Brief On Iran – Newsletter
Jan 12th, 2015
Members of the Iranian American Community of Virginia (OIAC-US Network) shares the community’s sympathy with the people of France in the rally to condemn the brutal attack in Paris in Washington, DC. January 9, 2015.
OIAC expresses solidarity with the people of France and deep regret for the criminal attack against Charlie Hebdo magazine.Washington D.C. – Members of the Iranian American Communities of Virginia and Maryland, members of OIAC US Network, join the rally against Extremism.
| Iran- Human Rights (Women, Minorities, Ethnics)|
| Four Prisoners Hanged in Iran On Jan 06th|
Iran Human Rights
Four prisoners were hanged in two different prisons today. 21 prisoners have been executed in the first 6 days of 2015 in Iran.
Iran Human Rights, January 6, 2015: Three prisoners were hanged in the prison of Urmia (Northwestern Iran) according to unofficial sources. According to the sources Iran Human Rights (IHR) has been in contact with one of the prisoners was identified as Saber Mokhalad Mowaneh (Picture), who was sentenced to 5 years in prison formembership in Kurdish political party and to death for a murder committed in 2009.
Iran Human Rights
Tens of prisoners have been executed in the past few months in the prison of Kerman (Southeastern Iran) and their executions have not been announced by the official media. Most of the prisoners have been convicted of drug-related charges. It is not known how long these executions have been going on but it is certain that the executions are not limited only to the past few months. Iran Human Rights (IHR) is investigating further details of the executions.
At least 33 prisoners have been executed in the prison of Kerman since August 2014, according to sources Iran Human Rights(IHR) has been in contact with. The prisoners have often been executed in groups of 6-8 at a time, according to these sources. Except for one prisoners who was charged with murder, all the other prisoners had been sentenced to death for drug-related charges. No executions in the prison of Kerman has been reported by the official Iranian sources in this period.
The Iranian regime has been ranked the 7th worst regime in the world for the persecution of Christians, according to a new study.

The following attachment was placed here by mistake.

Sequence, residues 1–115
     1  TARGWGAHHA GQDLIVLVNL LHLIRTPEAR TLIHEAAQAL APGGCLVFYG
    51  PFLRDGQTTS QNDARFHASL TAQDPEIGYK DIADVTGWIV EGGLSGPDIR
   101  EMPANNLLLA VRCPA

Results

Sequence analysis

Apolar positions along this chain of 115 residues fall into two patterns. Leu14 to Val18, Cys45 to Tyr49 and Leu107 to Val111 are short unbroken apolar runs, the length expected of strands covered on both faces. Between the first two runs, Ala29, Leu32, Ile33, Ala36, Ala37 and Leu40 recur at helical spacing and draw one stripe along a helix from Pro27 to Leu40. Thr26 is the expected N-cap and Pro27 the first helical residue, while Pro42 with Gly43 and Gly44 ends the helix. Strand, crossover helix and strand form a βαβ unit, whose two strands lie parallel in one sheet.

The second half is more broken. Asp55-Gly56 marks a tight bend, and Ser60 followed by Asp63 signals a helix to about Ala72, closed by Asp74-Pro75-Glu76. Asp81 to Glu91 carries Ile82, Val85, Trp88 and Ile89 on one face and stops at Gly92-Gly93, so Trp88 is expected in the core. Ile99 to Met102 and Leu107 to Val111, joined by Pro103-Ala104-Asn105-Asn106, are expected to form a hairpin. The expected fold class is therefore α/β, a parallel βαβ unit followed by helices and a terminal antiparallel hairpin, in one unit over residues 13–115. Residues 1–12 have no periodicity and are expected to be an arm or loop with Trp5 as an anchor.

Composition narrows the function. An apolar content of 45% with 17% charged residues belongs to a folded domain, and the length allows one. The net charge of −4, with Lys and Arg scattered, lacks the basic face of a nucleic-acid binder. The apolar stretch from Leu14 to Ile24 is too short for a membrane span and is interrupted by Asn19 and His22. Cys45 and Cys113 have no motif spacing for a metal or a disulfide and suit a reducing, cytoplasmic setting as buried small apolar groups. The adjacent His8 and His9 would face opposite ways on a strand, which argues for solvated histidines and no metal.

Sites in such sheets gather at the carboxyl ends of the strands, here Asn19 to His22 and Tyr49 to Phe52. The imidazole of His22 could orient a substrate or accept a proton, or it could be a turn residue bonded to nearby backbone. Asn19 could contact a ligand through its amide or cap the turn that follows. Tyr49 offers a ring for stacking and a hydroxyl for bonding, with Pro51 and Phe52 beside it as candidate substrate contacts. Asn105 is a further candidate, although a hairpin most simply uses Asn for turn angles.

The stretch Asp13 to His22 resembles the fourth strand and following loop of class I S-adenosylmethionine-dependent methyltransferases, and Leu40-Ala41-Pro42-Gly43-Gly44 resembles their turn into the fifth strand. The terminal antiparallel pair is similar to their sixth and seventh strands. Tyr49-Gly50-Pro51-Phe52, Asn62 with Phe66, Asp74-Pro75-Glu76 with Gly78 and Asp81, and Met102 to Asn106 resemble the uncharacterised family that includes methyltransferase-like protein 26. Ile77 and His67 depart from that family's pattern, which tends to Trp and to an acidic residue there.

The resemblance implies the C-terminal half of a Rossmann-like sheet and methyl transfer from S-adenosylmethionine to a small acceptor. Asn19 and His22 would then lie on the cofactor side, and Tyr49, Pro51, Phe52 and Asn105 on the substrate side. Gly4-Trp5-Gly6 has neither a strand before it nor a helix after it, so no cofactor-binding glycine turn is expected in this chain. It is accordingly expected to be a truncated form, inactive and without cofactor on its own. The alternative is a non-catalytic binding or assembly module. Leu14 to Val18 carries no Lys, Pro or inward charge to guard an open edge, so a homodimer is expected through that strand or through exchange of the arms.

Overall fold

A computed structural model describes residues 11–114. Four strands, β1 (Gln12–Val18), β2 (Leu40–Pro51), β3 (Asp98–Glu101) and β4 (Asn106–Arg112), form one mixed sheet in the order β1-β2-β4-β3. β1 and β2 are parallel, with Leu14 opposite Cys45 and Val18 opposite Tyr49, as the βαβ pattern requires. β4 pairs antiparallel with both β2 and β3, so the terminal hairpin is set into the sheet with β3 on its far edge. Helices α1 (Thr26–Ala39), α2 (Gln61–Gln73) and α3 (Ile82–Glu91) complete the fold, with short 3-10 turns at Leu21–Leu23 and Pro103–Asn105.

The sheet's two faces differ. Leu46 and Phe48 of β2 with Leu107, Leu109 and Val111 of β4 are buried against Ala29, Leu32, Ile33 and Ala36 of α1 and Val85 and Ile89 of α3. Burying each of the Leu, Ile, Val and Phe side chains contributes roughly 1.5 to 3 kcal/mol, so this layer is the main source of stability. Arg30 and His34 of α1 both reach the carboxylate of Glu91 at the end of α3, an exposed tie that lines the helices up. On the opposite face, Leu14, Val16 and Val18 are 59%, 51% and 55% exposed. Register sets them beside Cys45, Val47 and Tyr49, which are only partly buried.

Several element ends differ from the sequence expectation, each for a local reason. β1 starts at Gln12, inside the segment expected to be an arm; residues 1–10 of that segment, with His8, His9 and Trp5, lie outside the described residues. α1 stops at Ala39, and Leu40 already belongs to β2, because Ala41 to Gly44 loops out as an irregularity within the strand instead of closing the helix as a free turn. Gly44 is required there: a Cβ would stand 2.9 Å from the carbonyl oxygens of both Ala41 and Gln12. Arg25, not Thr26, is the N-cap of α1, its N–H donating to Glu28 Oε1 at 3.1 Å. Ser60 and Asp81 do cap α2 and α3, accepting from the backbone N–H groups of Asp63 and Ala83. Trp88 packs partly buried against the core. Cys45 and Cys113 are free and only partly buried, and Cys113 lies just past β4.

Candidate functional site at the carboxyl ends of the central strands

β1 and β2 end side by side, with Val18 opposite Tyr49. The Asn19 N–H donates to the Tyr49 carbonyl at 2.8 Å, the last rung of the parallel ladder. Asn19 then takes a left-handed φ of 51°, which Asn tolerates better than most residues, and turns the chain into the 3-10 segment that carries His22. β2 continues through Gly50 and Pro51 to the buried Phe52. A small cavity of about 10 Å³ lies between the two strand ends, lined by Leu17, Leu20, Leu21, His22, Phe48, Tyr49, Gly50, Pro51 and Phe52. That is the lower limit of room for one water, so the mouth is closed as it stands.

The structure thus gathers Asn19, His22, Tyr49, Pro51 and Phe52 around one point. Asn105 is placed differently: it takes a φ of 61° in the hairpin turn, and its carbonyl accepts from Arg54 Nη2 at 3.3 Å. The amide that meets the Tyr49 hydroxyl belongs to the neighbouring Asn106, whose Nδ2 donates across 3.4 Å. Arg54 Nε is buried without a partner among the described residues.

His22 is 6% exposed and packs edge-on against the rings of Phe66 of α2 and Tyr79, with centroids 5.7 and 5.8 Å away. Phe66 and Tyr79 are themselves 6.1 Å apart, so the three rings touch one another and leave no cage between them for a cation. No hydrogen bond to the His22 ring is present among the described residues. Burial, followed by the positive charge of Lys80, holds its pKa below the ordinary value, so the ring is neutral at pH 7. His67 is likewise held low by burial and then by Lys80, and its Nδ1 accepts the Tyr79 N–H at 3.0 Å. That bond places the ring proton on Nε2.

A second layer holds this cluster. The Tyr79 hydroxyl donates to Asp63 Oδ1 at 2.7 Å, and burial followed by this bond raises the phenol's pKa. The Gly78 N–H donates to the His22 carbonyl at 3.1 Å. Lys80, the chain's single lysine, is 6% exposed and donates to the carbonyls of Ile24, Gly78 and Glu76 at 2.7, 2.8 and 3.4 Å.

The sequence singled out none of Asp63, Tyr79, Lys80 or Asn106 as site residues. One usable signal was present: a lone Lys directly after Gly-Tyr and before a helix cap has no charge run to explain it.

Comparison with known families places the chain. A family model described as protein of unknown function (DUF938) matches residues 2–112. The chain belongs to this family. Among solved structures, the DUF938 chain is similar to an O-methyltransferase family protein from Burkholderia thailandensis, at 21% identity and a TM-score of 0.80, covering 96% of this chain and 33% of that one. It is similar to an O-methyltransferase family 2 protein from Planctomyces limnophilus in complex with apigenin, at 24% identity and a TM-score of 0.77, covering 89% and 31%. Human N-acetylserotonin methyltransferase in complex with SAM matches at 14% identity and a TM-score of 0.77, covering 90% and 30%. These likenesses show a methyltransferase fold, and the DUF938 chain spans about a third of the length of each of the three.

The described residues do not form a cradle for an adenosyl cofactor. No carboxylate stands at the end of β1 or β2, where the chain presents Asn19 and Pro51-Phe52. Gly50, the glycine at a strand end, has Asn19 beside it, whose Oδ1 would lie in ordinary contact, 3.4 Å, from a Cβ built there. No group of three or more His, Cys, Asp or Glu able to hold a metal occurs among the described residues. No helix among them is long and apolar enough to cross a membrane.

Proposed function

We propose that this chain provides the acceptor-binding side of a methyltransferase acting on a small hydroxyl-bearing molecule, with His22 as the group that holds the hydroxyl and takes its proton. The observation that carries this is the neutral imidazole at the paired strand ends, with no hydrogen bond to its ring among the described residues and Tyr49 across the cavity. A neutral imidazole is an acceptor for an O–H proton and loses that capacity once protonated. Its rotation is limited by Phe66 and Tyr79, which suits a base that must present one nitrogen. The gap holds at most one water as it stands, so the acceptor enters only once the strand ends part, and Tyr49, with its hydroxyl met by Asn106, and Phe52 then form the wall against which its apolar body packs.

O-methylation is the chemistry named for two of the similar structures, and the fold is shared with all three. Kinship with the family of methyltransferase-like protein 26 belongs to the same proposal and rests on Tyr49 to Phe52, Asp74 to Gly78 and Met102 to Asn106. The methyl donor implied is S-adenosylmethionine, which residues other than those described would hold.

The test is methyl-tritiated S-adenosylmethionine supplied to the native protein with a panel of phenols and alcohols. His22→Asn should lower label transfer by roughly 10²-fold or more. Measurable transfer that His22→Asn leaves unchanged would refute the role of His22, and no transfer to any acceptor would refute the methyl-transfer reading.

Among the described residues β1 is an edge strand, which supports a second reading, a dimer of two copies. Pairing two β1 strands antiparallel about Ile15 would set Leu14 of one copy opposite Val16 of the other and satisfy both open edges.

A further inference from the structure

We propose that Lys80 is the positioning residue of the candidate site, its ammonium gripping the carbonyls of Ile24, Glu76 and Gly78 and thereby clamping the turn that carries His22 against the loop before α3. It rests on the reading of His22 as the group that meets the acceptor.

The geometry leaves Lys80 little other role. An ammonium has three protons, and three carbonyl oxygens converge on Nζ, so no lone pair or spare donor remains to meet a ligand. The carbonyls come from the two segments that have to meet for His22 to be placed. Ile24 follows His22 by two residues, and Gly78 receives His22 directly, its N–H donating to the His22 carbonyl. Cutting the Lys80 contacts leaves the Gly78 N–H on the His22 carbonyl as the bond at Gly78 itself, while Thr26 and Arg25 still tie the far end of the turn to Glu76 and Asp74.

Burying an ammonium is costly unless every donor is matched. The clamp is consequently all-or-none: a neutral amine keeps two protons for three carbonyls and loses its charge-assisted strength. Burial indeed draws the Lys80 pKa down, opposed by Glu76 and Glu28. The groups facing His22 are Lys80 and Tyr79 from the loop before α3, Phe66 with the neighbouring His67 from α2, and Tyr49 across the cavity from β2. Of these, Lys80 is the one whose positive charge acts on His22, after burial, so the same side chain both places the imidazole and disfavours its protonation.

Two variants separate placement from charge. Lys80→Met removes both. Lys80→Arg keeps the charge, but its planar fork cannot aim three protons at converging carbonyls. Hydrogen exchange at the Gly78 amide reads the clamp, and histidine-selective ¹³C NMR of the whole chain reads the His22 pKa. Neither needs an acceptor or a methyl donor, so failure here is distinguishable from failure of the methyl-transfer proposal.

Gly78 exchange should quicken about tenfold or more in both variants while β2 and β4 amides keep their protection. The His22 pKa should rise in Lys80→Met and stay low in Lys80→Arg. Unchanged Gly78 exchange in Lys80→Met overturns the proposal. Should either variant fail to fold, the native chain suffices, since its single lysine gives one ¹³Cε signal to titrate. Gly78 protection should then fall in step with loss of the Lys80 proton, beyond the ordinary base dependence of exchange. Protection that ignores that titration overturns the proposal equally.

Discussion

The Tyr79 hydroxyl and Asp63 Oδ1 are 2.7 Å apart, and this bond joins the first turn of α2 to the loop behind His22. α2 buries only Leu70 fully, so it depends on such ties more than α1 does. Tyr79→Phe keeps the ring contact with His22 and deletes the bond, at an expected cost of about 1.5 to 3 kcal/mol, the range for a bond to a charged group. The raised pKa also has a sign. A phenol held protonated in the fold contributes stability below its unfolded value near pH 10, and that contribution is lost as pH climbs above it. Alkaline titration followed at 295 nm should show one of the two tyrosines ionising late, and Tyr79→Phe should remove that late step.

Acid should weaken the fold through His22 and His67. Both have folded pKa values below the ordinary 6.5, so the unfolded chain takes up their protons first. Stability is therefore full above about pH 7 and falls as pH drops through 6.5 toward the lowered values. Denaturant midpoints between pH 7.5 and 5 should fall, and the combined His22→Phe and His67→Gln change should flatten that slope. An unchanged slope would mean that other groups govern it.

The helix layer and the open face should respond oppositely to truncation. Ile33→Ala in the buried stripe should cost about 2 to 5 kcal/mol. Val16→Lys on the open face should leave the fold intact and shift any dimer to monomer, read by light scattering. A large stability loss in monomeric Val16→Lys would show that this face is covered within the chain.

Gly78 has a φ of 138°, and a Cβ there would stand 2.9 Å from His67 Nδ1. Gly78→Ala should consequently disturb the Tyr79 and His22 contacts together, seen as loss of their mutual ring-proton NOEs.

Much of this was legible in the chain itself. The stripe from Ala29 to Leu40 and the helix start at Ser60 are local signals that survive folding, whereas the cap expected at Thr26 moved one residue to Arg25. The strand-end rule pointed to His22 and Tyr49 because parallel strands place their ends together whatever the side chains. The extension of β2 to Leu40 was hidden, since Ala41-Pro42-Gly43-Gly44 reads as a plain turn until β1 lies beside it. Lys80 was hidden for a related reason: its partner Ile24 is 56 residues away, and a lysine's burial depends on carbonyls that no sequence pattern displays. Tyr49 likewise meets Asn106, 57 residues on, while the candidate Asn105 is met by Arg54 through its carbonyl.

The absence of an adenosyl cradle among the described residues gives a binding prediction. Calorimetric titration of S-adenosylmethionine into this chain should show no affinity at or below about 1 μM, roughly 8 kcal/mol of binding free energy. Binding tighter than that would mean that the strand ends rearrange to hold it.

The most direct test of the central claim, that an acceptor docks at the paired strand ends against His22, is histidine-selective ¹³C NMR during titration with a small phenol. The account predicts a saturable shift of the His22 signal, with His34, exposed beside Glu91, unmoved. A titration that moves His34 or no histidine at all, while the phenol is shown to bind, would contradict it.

Iran under the rule of mullahs is among countries where Christians are subject to harassment, discrimination and prosecution, the Open Doors Organization reported.
North Korea ranks first on the list, followed by Somalia, Iraq, Syria, Afghanistan, Sudan, Iran, Pakistan, Eritrea and Nigeria.
The Open Doors Organization reported that expansion of extremists’ activities has brought oppression of religious minorities and Christians. In 40 out of 50 countries that were studied, Islamist fanatics were active, the organization said.
The Iranian regime’s treatment of 700,000 Christians in Iran has worsened since last year and persecution and harassment continued over Christmas.
Iran- Terrorism Activities (Middle East)
Aiding and abetting Iran’s destructive role in Iraq or Syria would be a strategic mistake for the U.S. that only exacerbates a profound crisis.
At the dawn of 2015, the U.S. has yet to articulate a comprehensive foreign-policy strategy to counter the influence and territorial gains of Islamic State, the terrorist group that emerged last year – and poses a dangerous and vexing threat to stability across the Middle East and North Africa. By the Pentagon’s admission, we neither understand the underlying ideology of the merciless group nor have a grasp of all the players in the region who have aggravated the crisis.
Indeed, the fog of war seems to have muddied Iran’s role in this dark chapter of regional affairs. Is Tehran an ally or a nemesis in the fight against Islamic State? At least initially, the U.S. believed that Iran could play a constructive role in combating a mutual adversary. Secretary of State John F. Kerry, touting the age-old axiom “the enemy of my enemy is my friend,” suggested that Iran could be part of the solution.The only trouble is that Iran is a major part of the challenges we face.
Iran has seized on widespread Muslim outrage over a film insulting the Prophet Mohammad to revive the death threat against Salman Rushdie, raising the reward for killing him by US$500,000 (£320,000).
Ayatollah Hassan Sanei, head of a powerful state foundation providing relief to the poor, said the film would never have been made if the order to execute Rushdie, issued by the late Iranian spiritual leader, Ayatollah Ruhollah Khomeini, had been carried out.